'This is a very important piece of legislation. I am overjoyed that the government has closed this legal loophole. In Rwanda in 2006 I met women whose families had been murdered in the genocide there. As soon as I realised there was a gap in UK law I knew I had to act. I thank the justice secretary for taking action and I pay tribute to the Aegis Trust which has worked tirelessly on this issue for many years.' Mary Creagh MP, speaking about the successful Aegis Trust led campaign to close loop-holes in British law on international crimes, July 2009
'I was delighted ..... to hear the commitment that Mr Straw gave to seeing that a change was made in the law. This is a very good example of where the Government have listened carefully to representations made, not just within your Lordships' House but to groups such as the Aegis Trust.' Professor Lord Alton of Liverpool, speaking during the House of Lords debate on the Aegis Trust amendments to the Justice and Coroners Bill, July 2009
'We are dealing now with the extraordinarily important and grave issues of war crimes, genocide and crimes against humanity. I wish to express my thanks to those other noble Lords whose names appear on the Marshalled List, the noble Lord, Lord Hannay, who has been an enormously wise adviser on this matter, and the Aegis Trust, which has done a tremendous amount of work in briefing Members of the House' Lord Carlile of Berriew QC, speaking during the Lords debate on the Coroners and Justice Bill, October 2009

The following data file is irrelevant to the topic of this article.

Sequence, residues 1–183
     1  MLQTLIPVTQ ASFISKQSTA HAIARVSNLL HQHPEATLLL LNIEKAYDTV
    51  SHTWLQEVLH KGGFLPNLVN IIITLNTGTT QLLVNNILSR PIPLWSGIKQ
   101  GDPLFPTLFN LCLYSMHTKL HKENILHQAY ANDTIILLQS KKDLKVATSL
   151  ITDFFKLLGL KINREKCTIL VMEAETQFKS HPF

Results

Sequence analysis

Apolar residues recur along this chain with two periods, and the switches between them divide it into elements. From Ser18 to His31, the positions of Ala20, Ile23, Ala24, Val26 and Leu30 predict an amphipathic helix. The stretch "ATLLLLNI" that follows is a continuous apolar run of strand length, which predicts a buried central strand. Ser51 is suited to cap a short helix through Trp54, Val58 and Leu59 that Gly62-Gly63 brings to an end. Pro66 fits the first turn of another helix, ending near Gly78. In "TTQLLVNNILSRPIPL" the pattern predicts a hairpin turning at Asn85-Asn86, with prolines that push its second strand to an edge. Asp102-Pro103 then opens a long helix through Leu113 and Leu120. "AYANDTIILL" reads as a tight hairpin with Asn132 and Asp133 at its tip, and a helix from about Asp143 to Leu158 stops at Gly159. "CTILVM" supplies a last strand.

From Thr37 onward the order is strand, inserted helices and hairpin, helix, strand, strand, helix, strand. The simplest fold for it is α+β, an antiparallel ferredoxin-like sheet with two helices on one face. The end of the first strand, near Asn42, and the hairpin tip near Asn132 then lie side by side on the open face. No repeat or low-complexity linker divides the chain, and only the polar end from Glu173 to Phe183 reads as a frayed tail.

'I should like to add that we are extremely grateful to the Government for having been so patient in listening to our concerns and, indeed, for having moved so far in meeting them. We are of course also indebted to the organisations that have provided consistent and expert advice: the Aegis Trust, Redress, JUSTICE and African Rights' Baroness D'Souza, speaking during the Lords debate on the Coroners and Justice Bill, October 2009
Working in association with Doughty Street Chambers and legislative drafter Ronan Cormacain, Aegis produced the 'International Criminal Court Amendment Bill' to remove loopholes in UK law on international crimes. The Bill would:
- Remove the need for complicated tests of whether or not a suspect could be classed as 'resident in the UK', by extending the law to cover any suspect found on UK soil, with the exception of foreign officials benefitting from diplomatic immunity. So, for example, individuals suspected of committing recent atrocities in Zimbabwe or Darfur could then be arrested if visiting the UK.
- Retrospectively apply of the jurisdiction of UK courts so that crimes committed prior to 2001 can be tried. This is not the same as retroactively creating a new law - which would be contrary to the basic legal principle of 'no crime without law'. The crimes over which the writ of the UK courts would be conferred were already crimes under customary international law, conventional international law, and, in many cases, in British law also. For example, genocide has been a crime in customary international law since 1948, in Rwanda since its accession to the Genocide Convention in 1975 and in the UK since the Genocide Act 1969. Therefore any Rwandan génocidaires in the UK cannot argue that they did not know that their acts were not criminal in 1994.